The ‘offstage’ death of parents is a staple of children’s fiction, for example, meaning the orphan protagonists have to find apt ways to cope. This is the case in the novels by Anne Fine, William Mayne, Nina Bawden and Joan Aiken (both the novels by the last two authors). But the death of individuals, sometimes loved but frequently otherwise, occurs during the course of a tale; it may be from a fire, or a drowning, or simply old age, but the impact may be harder if the reader has become acquainted or more fully involved with them.
There is less squeamishness when it comes to the adult novels: you expect it in crime novels — Christie’s for sure, also those by Le Carré, E F Benson — and in horror, as in the graphic novel of Alien; but we’re unabashed to find death in the pages of a dystopia, a magic realist narrative, a fiction revolving around an apparent suicide or a fiction where the narrator has a terminal illness.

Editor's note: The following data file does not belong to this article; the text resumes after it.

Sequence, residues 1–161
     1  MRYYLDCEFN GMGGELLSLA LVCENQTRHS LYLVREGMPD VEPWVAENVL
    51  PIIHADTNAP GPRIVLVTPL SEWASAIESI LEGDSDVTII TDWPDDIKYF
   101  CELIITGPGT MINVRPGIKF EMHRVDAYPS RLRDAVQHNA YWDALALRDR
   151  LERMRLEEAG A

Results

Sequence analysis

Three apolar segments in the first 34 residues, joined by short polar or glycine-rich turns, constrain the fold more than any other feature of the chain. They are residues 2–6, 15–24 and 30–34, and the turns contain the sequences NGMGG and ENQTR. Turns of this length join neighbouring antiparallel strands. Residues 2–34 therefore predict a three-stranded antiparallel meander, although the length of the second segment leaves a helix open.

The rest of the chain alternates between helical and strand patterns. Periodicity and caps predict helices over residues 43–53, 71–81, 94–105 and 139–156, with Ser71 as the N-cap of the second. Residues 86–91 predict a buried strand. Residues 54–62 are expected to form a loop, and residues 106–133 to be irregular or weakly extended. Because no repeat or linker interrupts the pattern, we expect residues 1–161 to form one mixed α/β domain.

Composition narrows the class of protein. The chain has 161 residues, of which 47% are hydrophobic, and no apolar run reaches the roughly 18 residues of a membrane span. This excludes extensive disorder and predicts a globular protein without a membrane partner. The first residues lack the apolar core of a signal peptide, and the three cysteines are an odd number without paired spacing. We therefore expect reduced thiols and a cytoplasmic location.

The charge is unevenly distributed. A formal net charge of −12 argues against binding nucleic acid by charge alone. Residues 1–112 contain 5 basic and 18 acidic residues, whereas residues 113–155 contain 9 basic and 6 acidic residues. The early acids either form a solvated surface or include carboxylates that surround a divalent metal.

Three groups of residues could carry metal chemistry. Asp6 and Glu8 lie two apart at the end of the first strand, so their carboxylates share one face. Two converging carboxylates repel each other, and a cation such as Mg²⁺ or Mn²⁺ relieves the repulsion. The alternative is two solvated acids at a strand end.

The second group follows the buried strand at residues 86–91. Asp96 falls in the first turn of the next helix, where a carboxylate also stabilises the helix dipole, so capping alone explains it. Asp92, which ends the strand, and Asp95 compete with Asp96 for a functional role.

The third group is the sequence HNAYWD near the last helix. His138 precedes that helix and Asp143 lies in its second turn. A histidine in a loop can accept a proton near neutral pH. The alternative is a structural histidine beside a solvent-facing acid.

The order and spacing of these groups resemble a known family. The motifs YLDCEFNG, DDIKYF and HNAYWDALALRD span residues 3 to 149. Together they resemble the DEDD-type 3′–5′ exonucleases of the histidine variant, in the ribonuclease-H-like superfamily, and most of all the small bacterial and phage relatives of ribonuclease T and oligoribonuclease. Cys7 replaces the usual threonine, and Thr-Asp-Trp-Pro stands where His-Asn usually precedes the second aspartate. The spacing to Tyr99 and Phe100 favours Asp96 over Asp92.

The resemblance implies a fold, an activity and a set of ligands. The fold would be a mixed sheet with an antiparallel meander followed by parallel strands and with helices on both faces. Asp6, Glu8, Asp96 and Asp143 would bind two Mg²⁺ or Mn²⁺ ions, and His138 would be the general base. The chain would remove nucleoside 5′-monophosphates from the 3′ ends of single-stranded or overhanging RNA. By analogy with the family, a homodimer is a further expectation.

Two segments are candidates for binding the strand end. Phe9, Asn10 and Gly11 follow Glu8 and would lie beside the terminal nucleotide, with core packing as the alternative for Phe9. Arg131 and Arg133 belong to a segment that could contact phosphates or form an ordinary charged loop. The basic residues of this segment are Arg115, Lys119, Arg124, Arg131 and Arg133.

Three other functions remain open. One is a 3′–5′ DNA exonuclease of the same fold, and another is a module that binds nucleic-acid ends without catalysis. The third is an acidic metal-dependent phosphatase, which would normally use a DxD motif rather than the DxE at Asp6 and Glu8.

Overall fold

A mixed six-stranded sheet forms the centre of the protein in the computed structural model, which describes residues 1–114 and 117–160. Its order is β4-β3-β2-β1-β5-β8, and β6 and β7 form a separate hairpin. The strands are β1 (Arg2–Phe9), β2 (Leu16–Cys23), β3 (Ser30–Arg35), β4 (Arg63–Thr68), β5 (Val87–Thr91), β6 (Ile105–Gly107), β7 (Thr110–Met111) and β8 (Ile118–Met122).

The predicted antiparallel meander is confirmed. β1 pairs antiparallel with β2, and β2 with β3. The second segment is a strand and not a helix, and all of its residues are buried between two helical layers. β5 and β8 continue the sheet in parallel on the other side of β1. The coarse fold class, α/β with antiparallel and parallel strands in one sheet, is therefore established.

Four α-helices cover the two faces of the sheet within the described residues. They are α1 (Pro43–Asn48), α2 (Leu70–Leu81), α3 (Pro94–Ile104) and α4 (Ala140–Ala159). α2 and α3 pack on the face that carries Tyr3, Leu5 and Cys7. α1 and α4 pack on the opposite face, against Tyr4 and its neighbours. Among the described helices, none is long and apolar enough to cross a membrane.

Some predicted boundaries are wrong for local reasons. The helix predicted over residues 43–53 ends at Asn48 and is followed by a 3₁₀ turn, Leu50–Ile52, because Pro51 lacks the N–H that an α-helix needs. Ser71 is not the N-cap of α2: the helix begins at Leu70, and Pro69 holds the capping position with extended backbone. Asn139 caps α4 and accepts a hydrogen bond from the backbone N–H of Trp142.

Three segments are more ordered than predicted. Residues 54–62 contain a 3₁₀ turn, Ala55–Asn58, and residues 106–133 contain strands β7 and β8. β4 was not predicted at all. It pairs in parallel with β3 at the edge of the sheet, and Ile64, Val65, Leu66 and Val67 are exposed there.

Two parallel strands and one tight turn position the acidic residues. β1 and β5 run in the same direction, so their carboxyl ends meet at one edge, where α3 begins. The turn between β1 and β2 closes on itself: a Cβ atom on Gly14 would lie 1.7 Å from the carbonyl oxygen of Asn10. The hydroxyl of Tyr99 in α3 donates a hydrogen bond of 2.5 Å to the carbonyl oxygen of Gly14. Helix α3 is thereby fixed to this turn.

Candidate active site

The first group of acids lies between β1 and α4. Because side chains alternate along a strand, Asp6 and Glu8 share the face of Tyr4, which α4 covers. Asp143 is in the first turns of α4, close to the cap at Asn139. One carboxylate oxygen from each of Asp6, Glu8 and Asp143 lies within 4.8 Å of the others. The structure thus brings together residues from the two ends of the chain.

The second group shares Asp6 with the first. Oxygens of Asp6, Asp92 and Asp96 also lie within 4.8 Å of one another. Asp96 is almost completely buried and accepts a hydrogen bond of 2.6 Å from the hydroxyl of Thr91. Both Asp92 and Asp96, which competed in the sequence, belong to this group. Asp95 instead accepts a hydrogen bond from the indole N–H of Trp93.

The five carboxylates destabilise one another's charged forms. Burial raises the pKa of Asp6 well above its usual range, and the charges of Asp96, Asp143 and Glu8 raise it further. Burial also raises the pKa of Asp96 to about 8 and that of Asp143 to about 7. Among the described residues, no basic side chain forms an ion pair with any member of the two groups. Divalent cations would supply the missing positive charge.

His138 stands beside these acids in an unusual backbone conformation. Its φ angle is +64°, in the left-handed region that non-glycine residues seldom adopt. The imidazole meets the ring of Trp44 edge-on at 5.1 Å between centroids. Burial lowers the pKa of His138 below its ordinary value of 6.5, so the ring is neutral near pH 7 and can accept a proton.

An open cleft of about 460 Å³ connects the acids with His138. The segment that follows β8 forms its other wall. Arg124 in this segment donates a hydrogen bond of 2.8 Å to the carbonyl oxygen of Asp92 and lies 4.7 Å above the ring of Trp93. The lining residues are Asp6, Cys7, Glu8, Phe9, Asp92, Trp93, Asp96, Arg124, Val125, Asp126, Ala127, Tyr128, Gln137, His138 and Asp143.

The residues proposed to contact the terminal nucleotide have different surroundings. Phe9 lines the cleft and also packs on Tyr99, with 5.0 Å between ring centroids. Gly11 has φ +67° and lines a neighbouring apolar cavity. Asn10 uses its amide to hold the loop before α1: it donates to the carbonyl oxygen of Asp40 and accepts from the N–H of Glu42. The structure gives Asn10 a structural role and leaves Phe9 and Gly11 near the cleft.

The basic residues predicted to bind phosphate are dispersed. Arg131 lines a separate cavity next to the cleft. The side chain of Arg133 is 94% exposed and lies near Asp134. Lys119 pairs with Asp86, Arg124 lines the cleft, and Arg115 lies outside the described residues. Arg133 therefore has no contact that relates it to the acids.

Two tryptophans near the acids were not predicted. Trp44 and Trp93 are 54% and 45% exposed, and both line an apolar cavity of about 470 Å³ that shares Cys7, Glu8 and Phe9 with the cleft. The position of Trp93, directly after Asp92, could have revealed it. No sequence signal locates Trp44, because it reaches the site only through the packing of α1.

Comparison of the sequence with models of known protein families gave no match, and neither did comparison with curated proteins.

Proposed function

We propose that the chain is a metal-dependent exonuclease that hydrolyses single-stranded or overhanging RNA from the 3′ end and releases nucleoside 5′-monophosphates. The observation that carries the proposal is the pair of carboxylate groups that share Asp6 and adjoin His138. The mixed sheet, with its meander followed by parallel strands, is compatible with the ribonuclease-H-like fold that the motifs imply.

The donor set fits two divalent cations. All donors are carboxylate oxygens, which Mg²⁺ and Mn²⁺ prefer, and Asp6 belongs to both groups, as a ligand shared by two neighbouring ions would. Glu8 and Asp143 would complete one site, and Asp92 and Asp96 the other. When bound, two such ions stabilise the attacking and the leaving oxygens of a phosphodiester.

Weirdly, given so much death in my reading material, it hasn’t been a depressing experience: death is a natural part of life, after all, but it is I believe the manner of one’s living that matters.
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So, now that I’ve outlined my observations, have you noticed unconscious patterns in your reading too? I’m not specifically referring to blogging events — even though my spooky reads were partly suggested by Readers Imbibing Peril (and similar celebrations) and finishing the Deptford Trilogy was motivated by the Robertson Davies Reading Week. Let me know in comments below or, better still, write a post about it in your own blog!